Sierra Nevada Insects and Spiders
Hymenoptera, Family Orussidae

Orussids are interesting sawflies that are relatively rare.  Unlike all other sawflies, whose larvae are phytophagous, the larvae of orussids are thought to feed on or to be parasitoids on the larvae of wood boring beetles in the family Buprestidae.  The parasitoid habit is similar to that of many genera in the suborder Apocrita.  Female orussids are found running up and down the trunks of old dead trees and stumps that are devoid of bark while using their antennae to detect beetle larval activity within.  Once a likely spot is detected, the orussid will use her ovipositor to drill into the burrow or onto the beetle larva and lay an egg.  There are two species in California, Orussus occidentalis, shown above with a pseudoscorpion clamped to its right rear leg, and Orussus thoracicus.  These insects are surprisingly difficult to photograph.  They have a nasty habit of making sudden crab like movements to one side or the other that seem to be especially designed to provide the photographer with an out of focus image.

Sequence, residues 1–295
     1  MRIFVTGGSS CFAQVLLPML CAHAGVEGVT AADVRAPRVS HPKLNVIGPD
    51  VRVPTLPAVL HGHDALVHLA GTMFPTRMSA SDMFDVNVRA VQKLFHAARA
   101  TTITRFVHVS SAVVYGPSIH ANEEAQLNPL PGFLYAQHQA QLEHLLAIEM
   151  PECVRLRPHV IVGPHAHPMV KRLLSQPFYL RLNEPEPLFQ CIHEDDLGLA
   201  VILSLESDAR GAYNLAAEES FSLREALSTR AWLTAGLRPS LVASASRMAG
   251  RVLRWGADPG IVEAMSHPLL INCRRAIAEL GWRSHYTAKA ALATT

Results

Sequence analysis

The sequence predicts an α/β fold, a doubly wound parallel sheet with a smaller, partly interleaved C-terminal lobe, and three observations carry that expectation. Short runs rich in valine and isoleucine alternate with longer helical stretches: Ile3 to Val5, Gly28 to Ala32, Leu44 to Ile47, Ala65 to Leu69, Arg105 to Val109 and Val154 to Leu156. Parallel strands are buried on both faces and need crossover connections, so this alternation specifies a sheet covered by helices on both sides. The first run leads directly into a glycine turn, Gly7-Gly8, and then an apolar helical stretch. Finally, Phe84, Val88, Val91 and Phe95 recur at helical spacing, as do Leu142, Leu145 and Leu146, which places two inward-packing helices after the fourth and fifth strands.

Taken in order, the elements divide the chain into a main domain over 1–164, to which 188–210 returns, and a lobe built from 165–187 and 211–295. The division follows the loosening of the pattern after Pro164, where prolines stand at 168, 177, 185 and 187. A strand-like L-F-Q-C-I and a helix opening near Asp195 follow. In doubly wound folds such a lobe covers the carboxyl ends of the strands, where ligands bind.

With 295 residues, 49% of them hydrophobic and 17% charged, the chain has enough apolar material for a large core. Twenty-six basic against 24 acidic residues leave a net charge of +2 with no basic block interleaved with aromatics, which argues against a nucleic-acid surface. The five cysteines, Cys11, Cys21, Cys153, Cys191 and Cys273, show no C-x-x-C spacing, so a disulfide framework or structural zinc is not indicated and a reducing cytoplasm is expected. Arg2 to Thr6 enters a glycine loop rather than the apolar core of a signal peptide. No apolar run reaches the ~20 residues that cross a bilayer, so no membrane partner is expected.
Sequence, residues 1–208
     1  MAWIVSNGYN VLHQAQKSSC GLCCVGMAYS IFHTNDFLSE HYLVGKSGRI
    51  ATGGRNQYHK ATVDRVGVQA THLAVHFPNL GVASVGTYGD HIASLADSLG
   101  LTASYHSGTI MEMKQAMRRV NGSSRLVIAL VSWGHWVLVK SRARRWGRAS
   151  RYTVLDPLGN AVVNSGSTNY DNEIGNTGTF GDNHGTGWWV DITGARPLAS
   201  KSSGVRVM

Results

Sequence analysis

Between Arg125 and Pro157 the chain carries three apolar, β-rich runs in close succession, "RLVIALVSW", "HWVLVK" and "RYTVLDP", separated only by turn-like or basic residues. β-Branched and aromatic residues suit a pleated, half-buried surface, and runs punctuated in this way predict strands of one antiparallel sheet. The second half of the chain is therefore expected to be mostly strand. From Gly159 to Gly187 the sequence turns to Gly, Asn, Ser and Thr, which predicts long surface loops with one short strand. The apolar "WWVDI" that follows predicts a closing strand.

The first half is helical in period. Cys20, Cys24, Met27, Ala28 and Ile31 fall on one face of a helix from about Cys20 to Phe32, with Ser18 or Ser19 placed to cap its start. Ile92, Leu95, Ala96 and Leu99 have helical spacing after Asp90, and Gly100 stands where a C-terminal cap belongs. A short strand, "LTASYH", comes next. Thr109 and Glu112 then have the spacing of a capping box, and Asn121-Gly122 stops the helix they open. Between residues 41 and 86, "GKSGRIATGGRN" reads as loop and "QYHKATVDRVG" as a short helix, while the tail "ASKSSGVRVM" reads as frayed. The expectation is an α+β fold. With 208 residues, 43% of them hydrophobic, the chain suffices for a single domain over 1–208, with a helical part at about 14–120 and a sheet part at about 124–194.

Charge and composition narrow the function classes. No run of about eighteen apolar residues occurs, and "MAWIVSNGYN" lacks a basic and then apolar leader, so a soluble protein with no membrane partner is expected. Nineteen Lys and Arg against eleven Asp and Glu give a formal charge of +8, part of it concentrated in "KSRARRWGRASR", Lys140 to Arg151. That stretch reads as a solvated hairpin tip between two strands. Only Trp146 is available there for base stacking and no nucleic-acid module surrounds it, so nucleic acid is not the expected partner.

Female of Orussus thoracicus ovipositing.

Female of Orussus occidentalis ovipositing.

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